When Alison Gass, the founding director of the new Institute of Contemporary Art San Francisco (ICA SF), approached artist Jeffrey Gibson to discuss producing the museum’s inaugural installation, their conversation hinged on two things. He didn’t want to include many tactile objects, and—perhaps more importantly—he wanted to peer under the floor at the physical turf beneath ICA’s footprint in Dogpatch.
“After so many years of being asked what I think about institutional land acknowledgments, it’s been on my mind how to rethink the nature of them,” said Gibson, who is of Mississippi Choctaw/Cherokee descent. “Ali invited me to rethink what neighborhood this is in, what ground this building is on. We started talking about speaking directly to the land. It was just a very literal thing: Can I remove parts of the floor so I can speak directly to it?”
Courtesy of Brian Barlow.
Backed by venture capital and a panoply of Bay Area art-world luminaries, ICA SF is the kind of mid-scale, risk-taking institution that in Europe would be called a “Kunsthalle.” Part of the intent behind it is to fill a gap in San Francisco’s existing artistic ecosystem, which has faced criticism, whether fair or not, for a perceived lack of energy.
Having staged small events since its inception in March 202, the museum opens to the public this Saturday, Oct. 1. Visitors on day one will see the quietly startling results of Gass and Gibson’s excavation: two rectangular trenches of soil that foreground This Burning World, a large-to-the-point-of-enormous video installation consisting of two screens. On each, five side-by-side projections combine short video clips of New York’s bucolic Hudson Valley—where Gibson lives and works—with the geometric abstractions that have long characterized his painting and sculpture.
An image from artist Jeffrey Gibson’s piece THIS BURNING WORLD, 2022 at the Institute of Contemporary Art San Francisco (ICA SF).
Patterns of triangles and parallelograms overlay scenes of nature, from autumnal leaves and free-flowing creeks to caterpillars crawling around a fibrous egg mass.
There are mesmerizing close-ups of fire. Joan Henry, an indigenous musician and song carrier, appears in one percussive segment as the only human presence. The composite effect of all the fragmentation is arresting, without any cheap spectacle or psychedelic showiness. It’s immersive, yes, but unlike context-free Van Gogh experiences, most viewers probably won’t wander aimlessly while murmuring, “Trippy!” under their breath.
The piece took well over 100 hours to assemble, including 10 months’ worth of capturing recordings of nature. (Gibson has become, by his own admission, “addicted to video.”) Remarkably, for a work of its ambition and scale, every second of footage made it into the final 20-minute version, with nothing left on the proverbial cutting-room floor.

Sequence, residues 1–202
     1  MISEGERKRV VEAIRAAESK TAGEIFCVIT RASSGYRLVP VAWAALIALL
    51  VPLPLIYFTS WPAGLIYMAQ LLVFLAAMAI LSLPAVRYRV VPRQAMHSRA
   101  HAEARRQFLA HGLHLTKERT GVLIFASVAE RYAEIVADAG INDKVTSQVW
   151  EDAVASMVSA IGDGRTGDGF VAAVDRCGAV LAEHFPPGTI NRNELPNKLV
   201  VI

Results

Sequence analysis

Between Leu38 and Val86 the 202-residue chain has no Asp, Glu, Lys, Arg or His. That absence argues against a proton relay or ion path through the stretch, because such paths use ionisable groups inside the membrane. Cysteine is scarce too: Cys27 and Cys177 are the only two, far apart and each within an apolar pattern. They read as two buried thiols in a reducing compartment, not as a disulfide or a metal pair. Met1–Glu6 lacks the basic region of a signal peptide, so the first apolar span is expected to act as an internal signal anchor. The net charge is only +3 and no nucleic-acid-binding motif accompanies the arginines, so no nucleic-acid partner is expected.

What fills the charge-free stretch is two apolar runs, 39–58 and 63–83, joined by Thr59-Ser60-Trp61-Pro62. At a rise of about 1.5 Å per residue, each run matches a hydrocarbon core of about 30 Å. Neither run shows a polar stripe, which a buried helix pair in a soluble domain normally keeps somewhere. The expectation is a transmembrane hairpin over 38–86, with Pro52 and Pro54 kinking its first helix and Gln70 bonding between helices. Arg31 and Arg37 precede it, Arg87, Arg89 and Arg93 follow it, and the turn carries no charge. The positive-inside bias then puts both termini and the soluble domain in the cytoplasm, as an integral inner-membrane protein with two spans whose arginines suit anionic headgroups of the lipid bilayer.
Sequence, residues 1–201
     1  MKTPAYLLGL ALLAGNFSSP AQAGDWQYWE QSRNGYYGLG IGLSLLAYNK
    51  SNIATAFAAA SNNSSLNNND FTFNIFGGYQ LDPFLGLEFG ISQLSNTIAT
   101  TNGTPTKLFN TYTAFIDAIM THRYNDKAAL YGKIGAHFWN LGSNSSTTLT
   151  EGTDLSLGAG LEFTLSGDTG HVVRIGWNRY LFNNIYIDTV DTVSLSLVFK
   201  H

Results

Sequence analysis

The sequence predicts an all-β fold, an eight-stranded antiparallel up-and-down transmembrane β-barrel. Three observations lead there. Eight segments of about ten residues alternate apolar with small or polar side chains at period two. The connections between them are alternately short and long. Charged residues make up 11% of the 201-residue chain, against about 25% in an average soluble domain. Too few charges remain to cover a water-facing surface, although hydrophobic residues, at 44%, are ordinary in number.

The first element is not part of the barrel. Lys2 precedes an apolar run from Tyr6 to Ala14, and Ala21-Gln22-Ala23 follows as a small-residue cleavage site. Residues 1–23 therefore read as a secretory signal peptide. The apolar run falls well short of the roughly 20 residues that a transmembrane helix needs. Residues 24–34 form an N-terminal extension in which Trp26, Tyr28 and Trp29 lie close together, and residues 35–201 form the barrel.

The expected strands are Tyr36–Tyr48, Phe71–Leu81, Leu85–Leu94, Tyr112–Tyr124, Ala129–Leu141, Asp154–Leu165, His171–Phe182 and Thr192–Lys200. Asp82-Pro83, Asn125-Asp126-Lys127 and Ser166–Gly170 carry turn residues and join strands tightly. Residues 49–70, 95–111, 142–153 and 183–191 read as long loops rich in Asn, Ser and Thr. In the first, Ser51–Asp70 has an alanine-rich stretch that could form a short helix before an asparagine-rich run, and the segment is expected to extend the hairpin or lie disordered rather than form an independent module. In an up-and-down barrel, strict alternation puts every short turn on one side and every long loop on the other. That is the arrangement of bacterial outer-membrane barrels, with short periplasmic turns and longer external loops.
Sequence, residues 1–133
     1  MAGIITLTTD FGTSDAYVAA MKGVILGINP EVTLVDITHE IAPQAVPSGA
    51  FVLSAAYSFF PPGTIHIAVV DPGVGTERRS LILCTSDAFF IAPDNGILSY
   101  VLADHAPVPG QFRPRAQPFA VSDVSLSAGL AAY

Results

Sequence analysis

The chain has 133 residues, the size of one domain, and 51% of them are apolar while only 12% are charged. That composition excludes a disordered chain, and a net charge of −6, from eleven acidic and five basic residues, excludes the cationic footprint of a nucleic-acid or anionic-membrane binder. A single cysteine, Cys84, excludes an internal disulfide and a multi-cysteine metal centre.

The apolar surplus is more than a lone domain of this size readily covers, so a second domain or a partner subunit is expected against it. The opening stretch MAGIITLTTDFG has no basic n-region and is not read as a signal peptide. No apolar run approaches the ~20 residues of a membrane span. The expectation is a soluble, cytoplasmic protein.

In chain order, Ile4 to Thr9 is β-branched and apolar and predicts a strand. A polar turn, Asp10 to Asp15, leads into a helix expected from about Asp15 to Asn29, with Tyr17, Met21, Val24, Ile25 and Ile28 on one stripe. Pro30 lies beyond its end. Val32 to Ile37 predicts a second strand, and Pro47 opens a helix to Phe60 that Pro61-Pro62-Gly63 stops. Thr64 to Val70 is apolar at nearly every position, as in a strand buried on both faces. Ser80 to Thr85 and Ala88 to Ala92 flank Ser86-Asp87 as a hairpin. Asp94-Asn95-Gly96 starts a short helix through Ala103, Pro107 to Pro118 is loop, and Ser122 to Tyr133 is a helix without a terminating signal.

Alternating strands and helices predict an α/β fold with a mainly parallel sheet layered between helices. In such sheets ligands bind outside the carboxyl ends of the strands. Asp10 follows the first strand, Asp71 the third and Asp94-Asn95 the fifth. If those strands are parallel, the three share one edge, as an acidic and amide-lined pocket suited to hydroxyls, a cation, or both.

In spite of its provocative title, This Burning World’s engagement with the climate crisis is less about ecological apocalypse and more about encouraging viewers to recalibrate their relationship with our troubled planet. If you’re prone to doom-scrolling, it’s meant to soothe—but not numb.
“In the conversation around the climate crisis, doom seems imminent,” Gibson said. “But also, as humans we’re drawn to doom and we forgo looking at everything else that’s possible. Generally, my work is the practice of not getting consumed by the negative, and also it’s a kind of development of critique. Can you develop it beyond blame?”
The exterior of the Institute of Contemporary Art San Francisco (ICA SF), which opens on Saturday, Oct. 1, at 901 Minnesota St. in Dogpatch. | Peter-Astrid Kane for The Standard.
As a theme, rebirth by fire also makes sense for the debut of a non-collecting institution borne out of the wars—or “course corrections,” as Gass put it—that have consumed so many august cultural institutions.
“We have the incredible privilege of starting from scratch,” she told The Standard as crews put the final touches on the space in advance of this weekend’s opening. “We don’t have the burden of making change in existing institutions, which is a very hard thing to do.”
This Burning World is the first of three sequential exhibitions before Gass considers ICA SF to be fully open, a threshold timed to coincide with the annual FOG Design + Art fair next January.
“I would argue that the notion of a museum has shifted in the last 10 years,” Gass said. “It’s not just a place to collect, preserve and display objects, but a place to engage audiences with ideas driven by contemporary art and artists. We don’t sell art, but we are an ambitious institution.”
An image from artist Jeffrey Gibson’s piece THIS BURNING WORLD, 2022 at the Institute of Contemporary Art, San Francisco.
Ambition usually aims for the skies, but sometimes it takes the form of drilling through the floor. ICA SF’s 11,000-square-foot space on Minnesota Street sits on fill, and the exposed soil beneath its foundation makes for a humble counterpoint to Gibson’s massive screens—even if the site itself is still something of a construction zone.
“When we rented the space, there had been a biotech firm that had begun trenching to put pipes down, and when we took the lease we found them,” Gass said. “We did not import this dirt. This is what you find in Dogpatch, under the building—although we have to rake it before we open.”
“It needs to be fluffy!” Gibson added.